The proposed project aims to prepare the P. I. for a career as a clinical scientist in a research-oriented academic institution with a program of research focused on increasing our understanding of interventions targeting comorbid posttraumatic stress disorder (PTSD) and alcohol misuse. Accordingly, the proposed training plan systematically targets training in 1) PTSD-alcohol misuse comorbidity, 2) alcohol use to regulate affect, 3) affect regulation in the context of PTSD, and 4) intervention development and evaluation. These activities represent crucial steps towards the stated career goals by yielding experience and training in the use of sophisticated laboratory-based methods to understand the maintenance of PTSD and alcohol misuse and translate this knowledge to the development of more efficacious interventions for this comorbidity. The associated research project is related to each of the proposed training goals and provides valuable experience in the administration of a methodologically-sophisticated, controlled, laboratory-based. The proposed sample will consist of 76 adults who meet criteria for at least subthreshold PTSD and endorse hazardous alcohol use. The primary aim of this study is to investigate the effect of an integrated psychoeducation approach focused on risks associated with drinking to reduce negative affect on confidence to refrain from drinking, motivation to quit drinking, and changes in motives for drinking. Participants will be randomly assigned to one of four psychoeducation conditions (i.e., health information control, concurrent PTSD-alcohol, concurrent alcohol-PTSD, and integrated). It is predicted that integrated psychoeducation, compared to all other conditions, will result in each of the following after being presented with ideographic traumatic event and alcohol use-related cues: 1) increased confidence to refrain from alcohol use, 2) increased motivation to quit alcohol use, and 3) greater reductions in self-reported negative affect reduction motives for alcohol use. The study also seeks to empirically test the impact of sex on these hypothesized effects. This will directly address a clinically-significant gap in existing research which has not examined the effect of sex on psychoeducation outcomes despite evidence suggesting sex is likely to impact the effect of psychoeducation. This program of research is demonstrably significant in light of research that suggests individuals suffering from comorbid PTSD and alcohol misuse experience poorer quality of life and poorer prognosis in treatment when compared to individuals with PTSD or alcohol misuse only. Further, existing treatments for comorbid PTSD and alcohol misuse are associated with unsatisfactory improvements in PTSD symptoms and alcohol use, which suggests current approaches may not be addressing the evidence-based mechanisms implicated in this type of comorbidity. The current study, therefore, represents an early attempt to isolate the effects of an intervention component being employed in the treatment of PTSD-alcohol use comorbidity in the controlled environment of the laboratory to develop an evidence base to inform future intervention development.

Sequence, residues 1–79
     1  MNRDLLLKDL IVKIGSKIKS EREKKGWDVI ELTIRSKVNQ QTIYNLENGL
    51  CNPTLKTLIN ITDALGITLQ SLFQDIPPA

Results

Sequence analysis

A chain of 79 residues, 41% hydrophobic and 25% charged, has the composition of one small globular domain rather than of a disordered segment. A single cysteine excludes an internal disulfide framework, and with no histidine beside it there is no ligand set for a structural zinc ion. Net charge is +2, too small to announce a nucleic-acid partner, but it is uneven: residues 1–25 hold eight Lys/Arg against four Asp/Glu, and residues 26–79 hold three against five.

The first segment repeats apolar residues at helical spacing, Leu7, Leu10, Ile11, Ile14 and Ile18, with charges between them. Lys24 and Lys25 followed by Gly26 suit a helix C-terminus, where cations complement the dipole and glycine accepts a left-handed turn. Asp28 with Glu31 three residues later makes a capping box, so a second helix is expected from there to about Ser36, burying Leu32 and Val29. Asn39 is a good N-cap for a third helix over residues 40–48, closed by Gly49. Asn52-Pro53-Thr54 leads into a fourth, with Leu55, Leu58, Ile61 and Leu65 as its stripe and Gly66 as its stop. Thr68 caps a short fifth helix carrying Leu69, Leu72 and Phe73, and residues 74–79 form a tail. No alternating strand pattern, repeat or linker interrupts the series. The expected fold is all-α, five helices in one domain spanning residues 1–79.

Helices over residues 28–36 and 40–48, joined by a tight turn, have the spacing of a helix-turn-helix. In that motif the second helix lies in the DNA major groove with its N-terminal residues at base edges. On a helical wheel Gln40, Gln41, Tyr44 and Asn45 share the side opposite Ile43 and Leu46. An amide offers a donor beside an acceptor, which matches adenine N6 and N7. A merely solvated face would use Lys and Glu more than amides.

Leading scientists interested in treating the millions of people suffering from both posttraumatic stress disorder (PTSD) and alcohol use disorders (AUDs) report that treatments are not particularly effective;however, no treatments focus on factors that explain why the two commonly co-occur. Focusing on these factors in treatment may improve our limited ability to help people suffering from this common and complex problem. Controlled research in the laboratory is needed to examine the potential of this approach prior to trying it a a large scale. This study, therefore, is the first controlled laboratory study that tries to understand how to best change drinking to cope, which many scientists believe explains why PTSD and AUDs co-occur so frequently. Findings will provide valuable information critical to improving treatments for people suffering from both PTSD and an AUD.